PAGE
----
Banned from loyalty

It’s well documented that the Titans barred Steve McNair from entering the team facility yesterday. It’s a hard thing for long-time Titan fans to handle, and it puts in question a lot of unwritten rules about being a fan. It stared with long-term but older players like Blaine Bishop and Randall Godfrey getting the boot a few years ago. Then the team released Eddie George in 2003 after telling him that they wouldn’t do so. Jevon Kearse left without a contract offer. Last year top players like Antrel Rolle and Derrick Mason were signed by the hated Ravens, and the Titans didn’t even get draft-pick compensation since both players were released. What’s a fan to do?

Ditch the jerseys. My dad bought a Yancey Thigpen jersey when the Titans moved to town. I think Roydell Williams has the number now. His solution was to rip the name plate off the jersey, which is one way to do it. A couple of years ago the NFL switched to Reebok to supply jerseys, and the price for a replica went from $50 to $75. I tend to find mine on ebay but I’m going to stop buying current player jerseys. Don’t paint me as anti-ownership, though. The players can share the blame for the epidemic of musical teams.

The Titans created this monster of a $23 million salary cap number for McNair by repeatedly moving his money around to save cap room in years past. It worked brilliantly, except for the team playing like a pile of garbage for most of the past two years. It only makes sense that if McNair were to lessen the salary cap hit, he should get something in return. That’s why his agent Bus Cook is playing hardball and the Titans felt reduced to making the bush-league move of keeping McNair from practicing with his teammates.

McNair has been a model teammate, despite his documented brittle nature. Colt fans may whine about it, but McNair deserved his co-MVP in 2003. The Titans finished one Drew Bennett drop from taking out the mighty Patriots while Manning got to dissect one of the worst playoff defenses ever in the Kansas City Chiefs. Only due to the rapid decline of Eddie George was McNair allowed to use his considerable gifts as a field general. While he may be past his prime, he’s far from finished.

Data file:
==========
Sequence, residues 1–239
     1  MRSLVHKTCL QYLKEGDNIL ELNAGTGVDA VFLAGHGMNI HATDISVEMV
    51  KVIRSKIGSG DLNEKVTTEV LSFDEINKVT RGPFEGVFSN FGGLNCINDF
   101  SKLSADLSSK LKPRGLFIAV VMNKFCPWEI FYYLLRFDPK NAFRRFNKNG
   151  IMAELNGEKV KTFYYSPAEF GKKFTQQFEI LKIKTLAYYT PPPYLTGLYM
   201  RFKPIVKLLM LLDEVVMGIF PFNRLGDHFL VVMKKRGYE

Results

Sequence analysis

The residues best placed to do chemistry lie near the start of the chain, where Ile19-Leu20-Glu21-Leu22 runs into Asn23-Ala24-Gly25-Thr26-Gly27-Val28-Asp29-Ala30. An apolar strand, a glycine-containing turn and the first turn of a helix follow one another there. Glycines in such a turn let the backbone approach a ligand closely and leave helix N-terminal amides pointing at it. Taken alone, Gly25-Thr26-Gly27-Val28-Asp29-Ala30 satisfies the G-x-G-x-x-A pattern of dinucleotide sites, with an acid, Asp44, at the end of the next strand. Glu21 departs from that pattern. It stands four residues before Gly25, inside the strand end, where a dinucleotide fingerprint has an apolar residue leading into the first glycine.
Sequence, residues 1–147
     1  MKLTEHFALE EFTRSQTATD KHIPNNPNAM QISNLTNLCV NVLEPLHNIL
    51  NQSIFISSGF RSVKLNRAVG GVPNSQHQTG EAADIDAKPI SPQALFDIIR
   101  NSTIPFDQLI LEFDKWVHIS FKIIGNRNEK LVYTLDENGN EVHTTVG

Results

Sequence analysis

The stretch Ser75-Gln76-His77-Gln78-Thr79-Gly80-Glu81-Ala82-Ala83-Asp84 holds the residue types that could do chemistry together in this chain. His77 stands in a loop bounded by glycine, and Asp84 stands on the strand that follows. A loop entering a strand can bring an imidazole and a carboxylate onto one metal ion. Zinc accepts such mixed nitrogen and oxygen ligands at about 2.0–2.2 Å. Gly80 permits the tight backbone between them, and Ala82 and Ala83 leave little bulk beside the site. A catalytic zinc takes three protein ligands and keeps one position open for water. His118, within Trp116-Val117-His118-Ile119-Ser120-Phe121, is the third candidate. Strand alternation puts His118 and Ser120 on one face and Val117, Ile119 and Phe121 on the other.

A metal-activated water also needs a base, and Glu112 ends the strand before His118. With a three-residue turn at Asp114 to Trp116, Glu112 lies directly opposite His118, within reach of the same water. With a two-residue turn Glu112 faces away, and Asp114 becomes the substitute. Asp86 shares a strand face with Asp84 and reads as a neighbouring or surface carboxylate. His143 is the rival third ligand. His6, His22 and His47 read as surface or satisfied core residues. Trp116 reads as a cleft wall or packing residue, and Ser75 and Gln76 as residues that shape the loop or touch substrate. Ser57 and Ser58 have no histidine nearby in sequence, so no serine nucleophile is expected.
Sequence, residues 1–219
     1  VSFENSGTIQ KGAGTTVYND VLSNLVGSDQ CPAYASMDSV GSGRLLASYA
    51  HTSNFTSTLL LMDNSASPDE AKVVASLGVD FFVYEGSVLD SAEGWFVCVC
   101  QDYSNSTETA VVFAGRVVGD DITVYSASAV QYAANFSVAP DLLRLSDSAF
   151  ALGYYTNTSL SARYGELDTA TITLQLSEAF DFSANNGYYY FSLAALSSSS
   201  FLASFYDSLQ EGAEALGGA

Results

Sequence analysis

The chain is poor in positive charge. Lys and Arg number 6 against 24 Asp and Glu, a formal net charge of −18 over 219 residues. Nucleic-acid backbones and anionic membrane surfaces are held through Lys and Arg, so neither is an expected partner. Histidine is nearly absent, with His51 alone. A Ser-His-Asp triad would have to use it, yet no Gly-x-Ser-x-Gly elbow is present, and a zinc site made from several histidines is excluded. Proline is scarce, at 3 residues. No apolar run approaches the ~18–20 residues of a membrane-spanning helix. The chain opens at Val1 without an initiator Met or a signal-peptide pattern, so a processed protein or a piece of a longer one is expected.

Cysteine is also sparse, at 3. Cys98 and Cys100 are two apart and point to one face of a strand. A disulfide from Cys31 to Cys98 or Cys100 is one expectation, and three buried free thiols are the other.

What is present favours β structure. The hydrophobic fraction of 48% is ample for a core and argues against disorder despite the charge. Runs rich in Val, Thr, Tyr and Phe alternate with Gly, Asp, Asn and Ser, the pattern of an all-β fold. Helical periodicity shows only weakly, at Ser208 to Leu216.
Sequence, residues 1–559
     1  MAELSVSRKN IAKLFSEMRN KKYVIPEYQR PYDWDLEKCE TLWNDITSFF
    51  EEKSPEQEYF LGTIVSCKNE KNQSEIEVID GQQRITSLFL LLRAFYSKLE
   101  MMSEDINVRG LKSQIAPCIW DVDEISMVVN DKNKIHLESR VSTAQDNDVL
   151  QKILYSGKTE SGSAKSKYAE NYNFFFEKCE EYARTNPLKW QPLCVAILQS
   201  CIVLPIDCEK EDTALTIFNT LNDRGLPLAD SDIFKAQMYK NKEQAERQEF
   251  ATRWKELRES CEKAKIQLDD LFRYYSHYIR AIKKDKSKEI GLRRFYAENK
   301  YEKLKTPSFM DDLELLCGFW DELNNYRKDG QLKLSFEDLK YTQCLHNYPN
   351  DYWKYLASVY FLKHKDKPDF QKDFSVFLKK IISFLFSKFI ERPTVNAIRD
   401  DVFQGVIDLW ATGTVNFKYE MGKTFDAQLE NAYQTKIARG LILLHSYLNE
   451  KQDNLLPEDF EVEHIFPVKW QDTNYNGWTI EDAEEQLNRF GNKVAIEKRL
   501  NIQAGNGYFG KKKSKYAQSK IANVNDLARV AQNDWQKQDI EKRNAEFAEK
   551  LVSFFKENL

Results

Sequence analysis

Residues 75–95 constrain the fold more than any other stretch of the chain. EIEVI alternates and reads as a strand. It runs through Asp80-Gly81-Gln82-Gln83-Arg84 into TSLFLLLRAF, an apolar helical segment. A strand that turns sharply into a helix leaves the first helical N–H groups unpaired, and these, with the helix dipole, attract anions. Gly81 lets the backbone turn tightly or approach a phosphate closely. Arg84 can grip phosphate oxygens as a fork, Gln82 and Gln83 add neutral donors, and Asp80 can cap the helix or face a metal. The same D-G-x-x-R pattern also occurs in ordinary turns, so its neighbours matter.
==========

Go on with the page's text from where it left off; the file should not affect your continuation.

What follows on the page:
The current salary cap system is partially to blame for this situation as well. Players want guaranteed money, and that comes only in the form of a signing bonus. The signing bonus is a large portion of an extended contract, but generally speaking those contracts are back-loaded to the point that it’s not cost-effective for teams to let them play out. Remember Eddie George in that regard. It’s sort of like credit-card debt. You can put it off but eventually you have to pay. That’s the situation that the Titans and Steve McNair are in. It’s too bad that a deal couldn’t have been made in the spirit of their long time working together.

Speaking of the situation, why didn’t McNair make more of a fuss when he was sidetracked at the door of the Baptist Sports Complex? Do you really think the team would have forcefully taken him off the premises had he refused to go?

As a fan, I refuse to buy another jersey for a current player in this climate. It’s apparent that fans have to think of their team much like a fantasy squad. Every guy is expendable. The Patriots have to deal without Adam Vinatieri, and Titan fans might have to watch Steve McNair throwing passes to Derrick Mason in a Ravens uniform. And we have to pretend that we’re numb to the whole situation.

No comments yet.

Leave a Reply

Powered by WordPress. Designed by Woo Themes